A runoff election in Georgia could reverse rampant voter suppression

The runoff election comes in the wake of Stacey Abrams closely watched gubernatorial loss.

In the wake of Stacey Abrams' high-profile loss in the Georgia gubernatorial election last month, the voting rights fight continues in the secretary of state runoff. CREDIT: Melina Mara/The Washington Post via Getty Images
In the wake of Stacey Abrams' high-profile loss in the Georgia gubernatorial election last month, the voting rights fight continues in the secretary of state runoff. CREDIT: Melina Mara/The Washington Post via Getty Images

It’s been a little less than a month since the election and hardly two weeks since former Georgia gubernatorial candidate Stacey Abrams (D) refused to concede to her Republican opponent, Secretary of State Brian Kemp.

“[T]o watch an elected official who claims to represent the people in the state baldly pin his hopes for election on the suppression of the people’s democratic right to vote has been truly appalling,” Abrams said last month. “So let’s be clear: This is not a speech of concession. Because concession means to acknowledge an action is right, true, or proper. As a woman of conscience and faith, I cannot concede that.”

The speech — which was decidedly, as she said, not a concession — ended Abrams’ campaign to become the country’s first black woman governor. Now, she’s focused on another race, one much less high profile but arguably almost as important. Voters are set to return to the polls Tuesday to vote in the runoff election for secretary of state, the winner of which will replace Kemp.

The race, between former Rep. John Barrow (D) and state Rep. Brad Raffensperger (R), is headed to a runoff after neither candidate got more than 50 percent of the vote on Election Day. Raffensperger ultimately led by about 16,000 votes out of more than 3.8 million cast, according to the Associated Press.


Despite Abrams’ endorsement of Barrow and her continued condemnations of the state’s electoral system, however, Barrow has, as The Washington Post noted Sunday, toned down some of the fiery rhetoric in high-profile appearances. Instead, he focuses on Raffensperger’s tax debts and promotes himself as an efficient election manager.

In digital ads, however, as the Post reported, he’s been appealing to voters who are “outraged at the recent voter suppression tactics in our state’s elections” and “fed up with politicians who enable our fellow citizens to be disenfranchised.”

In an interview with the paper, Abrams called Barrow “part of the solution.”

Raffensperger, for his part, has kept a low profile, pulling out of the only televised debate of the race (due to, he said, scheduling conflicts). He has defended, as the AP put it Sunday, Georgia’s “maintenance of voting rolls” and has vowed to make sure only legal citizens can cast a ballot, a tried and true excuse many on the right have used to suppress legal voting.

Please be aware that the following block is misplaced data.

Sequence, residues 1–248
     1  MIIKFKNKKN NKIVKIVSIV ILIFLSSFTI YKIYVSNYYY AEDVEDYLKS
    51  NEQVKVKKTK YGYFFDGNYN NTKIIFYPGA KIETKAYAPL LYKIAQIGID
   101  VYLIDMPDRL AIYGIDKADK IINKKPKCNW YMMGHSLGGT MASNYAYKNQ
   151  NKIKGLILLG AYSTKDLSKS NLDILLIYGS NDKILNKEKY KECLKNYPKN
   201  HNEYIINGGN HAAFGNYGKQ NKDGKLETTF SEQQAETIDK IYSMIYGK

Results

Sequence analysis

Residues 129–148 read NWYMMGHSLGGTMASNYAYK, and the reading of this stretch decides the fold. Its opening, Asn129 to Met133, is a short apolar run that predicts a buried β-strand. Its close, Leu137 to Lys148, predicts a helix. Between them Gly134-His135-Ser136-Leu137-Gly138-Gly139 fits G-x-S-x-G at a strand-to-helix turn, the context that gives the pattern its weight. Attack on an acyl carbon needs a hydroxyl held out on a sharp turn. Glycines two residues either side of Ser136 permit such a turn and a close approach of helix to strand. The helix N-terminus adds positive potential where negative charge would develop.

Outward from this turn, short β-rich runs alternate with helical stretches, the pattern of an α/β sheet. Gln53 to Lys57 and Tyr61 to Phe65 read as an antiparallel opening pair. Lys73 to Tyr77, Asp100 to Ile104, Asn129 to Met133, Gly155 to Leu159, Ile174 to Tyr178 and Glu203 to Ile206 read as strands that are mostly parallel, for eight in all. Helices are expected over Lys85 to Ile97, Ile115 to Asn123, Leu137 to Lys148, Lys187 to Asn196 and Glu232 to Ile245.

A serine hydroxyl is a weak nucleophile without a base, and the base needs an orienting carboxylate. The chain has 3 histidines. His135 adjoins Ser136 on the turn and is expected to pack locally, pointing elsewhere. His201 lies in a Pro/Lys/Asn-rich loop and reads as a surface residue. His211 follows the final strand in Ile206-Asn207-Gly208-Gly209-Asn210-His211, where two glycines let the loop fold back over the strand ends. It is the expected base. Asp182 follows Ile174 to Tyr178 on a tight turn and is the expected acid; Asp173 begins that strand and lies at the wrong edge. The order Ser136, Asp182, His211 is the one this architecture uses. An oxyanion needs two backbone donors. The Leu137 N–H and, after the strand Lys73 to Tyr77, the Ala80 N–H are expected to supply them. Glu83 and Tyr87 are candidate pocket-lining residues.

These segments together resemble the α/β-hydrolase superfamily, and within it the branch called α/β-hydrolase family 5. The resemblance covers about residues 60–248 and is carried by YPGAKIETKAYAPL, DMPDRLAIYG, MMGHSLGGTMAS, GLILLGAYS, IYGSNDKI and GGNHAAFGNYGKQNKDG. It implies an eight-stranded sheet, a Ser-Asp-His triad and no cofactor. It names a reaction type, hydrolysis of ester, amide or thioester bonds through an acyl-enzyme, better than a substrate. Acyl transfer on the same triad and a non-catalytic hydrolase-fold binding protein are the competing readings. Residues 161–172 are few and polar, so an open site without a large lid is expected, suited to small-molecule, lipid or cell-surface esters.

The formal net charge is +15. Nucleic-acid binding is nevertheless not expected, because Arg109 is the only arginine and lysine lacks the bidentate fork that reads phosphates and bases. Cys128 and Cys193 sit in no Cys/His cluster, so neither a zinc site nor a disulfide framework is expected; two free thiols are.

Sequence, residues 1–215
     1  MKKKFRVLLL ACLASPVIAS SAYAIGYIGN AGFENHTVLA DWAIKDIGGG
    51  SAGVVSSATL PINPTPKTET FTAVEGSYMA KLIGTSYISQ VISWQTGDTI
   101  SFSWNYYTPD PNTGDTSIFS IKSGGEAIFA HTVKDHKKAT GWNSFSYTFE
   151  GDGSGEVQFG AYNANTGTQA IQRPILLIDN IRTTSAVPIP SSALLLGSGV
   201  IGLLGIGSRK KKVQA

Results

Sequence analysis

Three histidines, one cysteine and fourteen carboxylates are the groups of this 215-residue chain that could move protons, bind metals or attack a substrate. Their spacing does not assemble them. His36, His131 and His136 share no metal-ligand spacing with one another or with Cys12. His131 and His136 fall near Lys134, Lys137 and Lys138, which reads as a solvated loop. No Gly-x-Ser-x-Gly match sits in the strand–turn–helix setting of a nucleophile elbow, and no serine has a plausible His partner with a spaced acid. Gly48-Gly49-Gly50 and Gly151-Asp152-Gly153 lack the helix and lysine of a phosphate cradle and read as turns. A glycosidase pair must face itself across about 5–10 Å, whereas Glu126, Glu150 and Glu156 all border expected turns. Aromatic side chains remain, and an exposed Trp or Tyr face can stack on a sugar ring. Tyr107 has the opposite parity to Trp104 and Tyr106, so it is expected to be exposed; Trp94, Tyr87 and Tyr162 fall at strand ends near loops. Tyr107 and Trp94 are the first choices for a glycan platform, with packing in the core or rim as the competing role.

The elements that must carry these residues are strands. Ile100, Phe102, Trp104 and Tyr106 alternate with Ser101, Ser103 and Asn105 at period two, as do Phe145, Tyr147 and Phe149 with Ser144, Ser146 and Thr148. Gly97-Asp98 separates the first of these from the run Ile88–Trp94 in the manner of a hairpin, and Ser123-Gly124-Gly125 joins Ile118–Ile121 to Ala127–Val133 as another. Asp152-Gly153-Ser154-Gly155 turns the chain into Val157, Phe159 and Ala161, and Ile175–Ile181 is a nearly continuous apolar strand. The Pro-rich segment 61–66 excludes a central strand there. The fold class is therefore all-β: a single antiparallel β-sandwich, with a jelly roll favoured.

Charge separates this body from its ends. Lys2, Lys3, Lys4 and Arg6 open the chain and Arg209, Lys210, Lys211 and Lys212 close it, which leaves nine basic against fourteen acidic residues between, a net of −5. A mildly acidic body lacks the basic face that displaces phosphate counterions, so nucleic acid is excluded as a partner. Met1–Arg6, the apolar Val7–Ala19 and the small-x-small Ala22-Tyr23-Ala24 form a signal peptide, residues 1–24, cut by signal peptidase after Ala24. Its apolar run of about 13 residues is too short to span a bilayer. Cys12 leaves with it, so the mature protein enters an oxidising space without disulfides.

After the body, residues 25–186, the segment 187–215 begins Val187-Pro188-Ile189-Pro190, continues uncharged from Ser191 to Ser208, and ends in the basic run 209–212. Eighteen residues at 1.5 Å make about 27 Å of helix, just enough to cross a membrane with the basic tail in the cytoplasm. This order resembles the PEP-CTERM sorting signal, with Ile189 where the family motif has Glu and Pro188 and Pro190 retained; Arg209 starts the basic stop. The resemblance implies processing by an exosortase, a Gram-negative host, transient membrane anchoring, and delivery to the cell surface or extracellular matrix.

During his tenure, including and especially in the lead-up to the midterm elections, Kemp used his office to disenfranchise hundreds of thousands of voters.

A recent investigation by the Palast Investigative Fund found that Kemp improperly purged more than 340,000 voter rolls. According to the report, Kemp, in his role as secretary of state, cancelled hundreds of thousands of registrations on the grounds that voters had moved, but the investigation found the voters in question still lived at the address where they were registered.


“Their registration is cancelled. Not pending, not inactive – cancelled. If they show up to vote on 6 November, they will not be allowed to vote. That’s wrong,” Greg Palast told reporters on a call in October. “We can prove they’re still there. They should be allowed to vote.”

Additionally, an analysis from The Washington Post found that the state’s “exact match” law, which was passed last year, could disenfranchise nearly 910,000 voters. The law requires that citizens’ names on their government-issued IDs must precisely match their names as listed on the voter rolls, including accents on letters, hyphens in names, and full middle names versus middle initials.

The Georgia NAACP has filed a lawsuit arguing that the exact match law is intended to disenfranchise minority voters.

And as ThinkProgress reported in October, a group of elderly voters were forced off a Black Voters Matter bus taking the seniors to vote. Abrams herself rallied with voters in the town not long after the incident.

“Even if there are obstacles, we have to recognize that those obstacles are only permanent if we don’t fight them,” she told ThinkProgress. “We want to make certain that the folks of Louisville in Jefferson County understand that we are standing with them as they cast their votes.”